"There are so few outspoken critics of him in Mexico, I can count them on one hand. His critics are portrayed as grumpy, strident people who just don't get that he's a nice guy," Dresser says. "The issue is not whether he's evil or good. The issue is the way what he's doing is holding Mexico back" by blocking healthy competition.

Dresser says one of his companies has interfered with her work. She co-authored a satire on Mexican politics that was published in April 2006. Dresser says Sanborns, a retail chain Slim owns, asked the publisher to send page proofs referring to Slim before it came out.

  • The critical passages, Dresser says, kept the book out of Sanborns until a boycott convinced the company to carry it....

She doesn't place all the blame on Slim. She views him as the product of a Mexican governmental system that paved the way for monopolies like Telmex and other fiefdoms run by the country's superrich at the expense of average citizens. She reasons that the state helped create his monopoly and allows him to keep control of a key area of the economy without forcing him to compete fairly.

"It's the Mexican government's fault out of weakness, out of corruption, complicity, and lately out of fear because he's become so powerful," Dresser says. "When you talk to government regulators here, they will say things like, 'Oh well, we'll have to wait until he dies, then maybe we can regulate his sons.'"

Slim has recently turned much of his business operation over to his three sons and increased his philanthropic efforts, including contributing $100 million to former President Bill Clinton's charitable foundation to fight poverty in Latin America.

The New York Times' Elisabeth Malkin reported in June 2007 that Slim pledged to increase the endowments of his companies' foundation from $4 billion to $10 billion over the next four years. Slim told her there would be no ceiling on his donations.

"He has granted several interviews in his office, which is tucked above a branch of his bank and down the hall from a gallery showing works from his collection of European and Mexican art," Malkin wrote. "The interviews, and a four-hour news conference in March, seem to be part of an effort to soften his robber baron reputation." During the interview, Slim was unabashed about his fortune. Instead, he told Malkin, wealth is "like an orchard, a fruit tree. You have to distribute the fruit, not the branch. You have to plant more seeds to create more wealth."

Slim's rescue of the Times Co. invests some of that fortune in both his business and his image. "It gets him respect, prestige, and it is a very cheap way for him to get a foothold in an arena that interests him," Dresser says.

But what does his investment really mean? Does his $250 million foothold plus the 6.9 percent he already owned in the Times Co. signal that Slim has designs on arguably the world's most important newspaper?

No one can say for sure, but should Slim decide he wants a world-class media jewel in his crown, former newspaper editor Alan Mutter offers a formula for how it might happen.

In a January 20 entry on his Reflections of a Newsosaur blog, he explained that the loan to the Times Co. not only nets Slim the hefty 14 percent annual interest rate but also enables him to buy enough stock in the company to more than double his stake to 17 percent of its common shares. Slim has earned the right to "a detailed view of the company's finances" and "to put the screws" to the newspaper "the minute it violates any of the terms of the loan," wrote Mutter, former deputy editor of the San Francisco Chronicle.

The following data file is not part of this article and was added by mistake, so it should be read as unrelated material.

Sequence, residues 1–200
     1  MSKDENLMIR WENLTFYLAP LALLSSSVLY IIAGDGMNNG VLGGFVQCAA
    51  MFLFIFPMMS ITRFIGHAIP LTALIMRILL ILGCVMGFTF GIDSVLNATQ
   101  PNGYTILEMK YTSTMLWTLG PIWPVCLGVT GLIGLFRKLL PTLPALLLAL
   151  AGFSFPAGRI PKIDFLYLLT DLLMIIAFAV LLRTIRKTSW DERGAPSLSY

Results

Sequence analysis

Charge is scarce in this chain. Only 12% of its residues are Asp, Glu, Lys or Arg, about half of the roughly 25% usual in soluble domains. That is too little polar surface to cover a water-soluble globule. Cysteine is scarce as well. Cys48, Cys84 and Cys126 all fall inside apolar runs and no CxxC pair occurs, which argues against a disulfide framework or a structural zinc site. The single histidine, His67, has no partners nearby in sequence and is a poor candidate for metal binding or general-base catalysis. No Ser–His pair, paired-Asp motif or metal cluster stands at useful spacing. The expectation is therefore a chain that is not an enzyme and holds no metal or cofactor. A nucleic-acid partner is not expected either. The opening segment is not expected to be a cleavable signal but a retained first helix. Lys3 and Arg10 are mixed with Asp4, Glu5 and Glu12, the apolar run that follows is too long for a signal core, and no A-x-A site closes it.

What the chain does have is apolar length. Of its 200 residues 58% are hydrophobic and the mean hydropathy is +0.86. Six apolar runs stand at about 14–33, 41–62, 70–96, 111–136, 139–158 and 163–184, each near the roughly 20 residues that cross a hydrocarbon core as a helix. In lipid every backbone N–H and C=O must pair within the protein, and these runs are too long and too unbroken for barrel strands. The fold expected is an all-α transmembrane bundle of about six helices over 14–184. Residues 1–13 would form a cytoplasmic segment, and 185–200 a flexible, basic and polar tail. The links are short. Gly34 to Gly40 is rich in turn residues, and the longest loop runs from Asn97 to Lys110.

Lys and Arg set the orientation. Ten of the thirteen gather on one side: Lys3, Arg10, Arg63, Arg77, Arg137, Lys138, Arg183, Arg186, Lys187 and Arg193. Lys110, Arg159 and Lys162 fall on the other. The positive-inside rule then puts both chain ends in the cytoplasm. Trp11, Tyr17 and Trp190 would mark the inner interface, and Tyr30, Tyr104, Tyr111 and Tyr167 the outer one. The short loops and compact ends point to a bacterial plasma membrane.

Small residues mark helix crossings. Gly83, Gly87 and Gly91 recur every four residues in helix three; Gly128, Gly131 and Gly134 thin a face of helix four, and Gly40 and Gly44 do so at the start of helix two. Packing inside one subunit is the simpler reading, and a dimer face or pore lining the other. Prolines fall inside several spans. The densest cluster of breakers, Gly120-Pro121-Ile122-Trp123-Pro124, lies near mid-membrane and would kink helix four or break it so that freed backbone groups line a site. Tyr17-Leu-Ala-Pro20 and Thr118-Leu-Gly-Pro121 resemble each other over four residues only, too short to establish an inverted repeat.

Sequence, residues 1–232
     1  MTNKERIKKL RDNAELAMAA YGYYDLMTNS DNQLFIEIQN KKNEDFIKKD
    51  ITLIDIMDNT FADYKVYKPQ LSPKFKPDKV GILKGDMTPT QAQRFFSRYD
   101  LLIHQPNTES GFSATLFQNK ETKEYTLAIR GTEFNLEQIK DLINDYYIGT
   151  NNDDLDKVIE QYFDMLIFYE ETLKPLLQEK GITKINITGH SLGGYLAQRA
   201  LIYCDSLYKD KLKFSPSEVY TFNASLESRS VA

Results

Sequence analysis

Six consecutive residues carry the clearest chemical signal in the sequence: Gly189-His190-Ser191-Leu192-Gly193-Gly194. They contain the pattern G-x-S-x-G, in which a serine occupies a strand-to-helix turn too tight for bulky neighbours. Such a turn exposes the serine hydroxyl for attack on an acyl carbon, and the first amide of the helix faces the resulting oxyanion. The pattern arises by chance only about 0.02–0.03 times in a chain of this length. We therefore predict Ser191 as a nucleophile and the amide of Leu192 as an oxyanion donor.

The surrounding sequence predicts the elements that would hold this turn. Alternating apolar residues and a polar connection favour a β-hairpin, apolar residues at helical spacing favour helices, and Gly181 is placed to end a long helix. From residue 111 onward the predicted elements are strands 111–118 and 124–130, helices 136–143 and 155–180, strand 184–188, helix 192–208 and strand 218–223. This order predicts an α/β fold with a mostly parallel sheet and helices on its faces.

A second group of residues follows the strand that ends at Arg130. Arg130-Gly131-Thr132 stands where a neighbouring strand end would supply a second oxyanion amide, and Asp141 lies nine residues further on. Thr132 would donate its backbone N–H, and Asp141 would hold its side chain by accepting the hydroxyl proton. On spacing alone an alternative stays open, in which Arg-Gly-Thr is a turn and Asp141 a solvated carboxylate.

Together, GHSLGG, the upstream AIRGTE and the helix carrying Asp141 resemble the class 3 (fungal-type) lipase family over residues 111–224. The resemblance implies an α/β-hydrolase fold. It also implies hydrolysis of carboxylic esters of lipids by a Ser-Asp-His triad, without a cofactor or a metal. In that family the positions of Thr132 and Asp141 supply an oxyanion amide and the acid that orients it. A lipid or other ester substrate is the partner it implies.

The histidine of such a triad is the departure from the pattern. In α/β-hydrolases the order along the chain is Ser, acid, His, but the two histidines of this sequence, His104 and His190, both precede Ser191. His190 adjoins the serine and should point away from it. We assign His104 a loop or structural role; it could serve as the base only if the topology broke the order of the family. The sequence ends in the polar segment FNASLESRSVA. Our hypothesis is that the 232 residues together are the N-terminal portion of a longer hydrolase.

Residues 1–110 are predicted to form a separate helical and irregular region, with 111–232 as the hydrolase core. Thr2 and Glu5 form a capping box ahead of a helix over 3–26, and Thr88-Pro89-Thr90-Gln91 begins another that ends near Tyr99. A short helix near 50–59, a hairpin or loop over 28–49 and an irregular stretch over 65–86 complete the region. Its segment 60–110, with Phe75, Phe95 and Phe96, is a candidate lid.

He reported that "after the company's operating profits fell by 38% in the first nine months of 2008, NYT was forced ... to cut its dividend by three-quarters," a huge blow to the "Ochs-Sulzberger family members who own the super-voting shares that control the company." Their collective annual stipend was trimmed to less than $7 million from $28 million.

Mutter paints this scenario: "If the newspaper business continues to deteriorate, NYT would be forced to choose between making further cuts in the dividend or making substantial reductions in the ample resources still afforded the flagship newspaper." That could lead to a fight "between the family members who want to preserve what's left of their dividends and those who want to maximize resources" to keep the Times a world-class newspaper.

The Times has stressed in news articles that Slim would have no representation on the company's board or any shares with special voting rights. But if Slim exercises the warrants he holds from the loan, he will be among the largest single shareholders in the Times Co., owning up to 17 percent of the common shares outstanding; family members hold a total equity stake of 19 percent and wield control through special voting shares, reported Times writer Eric Dash.

Veteran Slim watchers like Eduardo Garcia don't see him in the role of media mogul. According to Garcia, Slim's investment in the Times fits neatly the business model he has practiced for many years. He spots a company in financial trouble, analyzes it and recognizes profit potential. He buys shares on the market to own a stake, and then lends resources to get the company back on its feet. His share prices then go up, he makes money off the interest on the loan and can sell at a profit.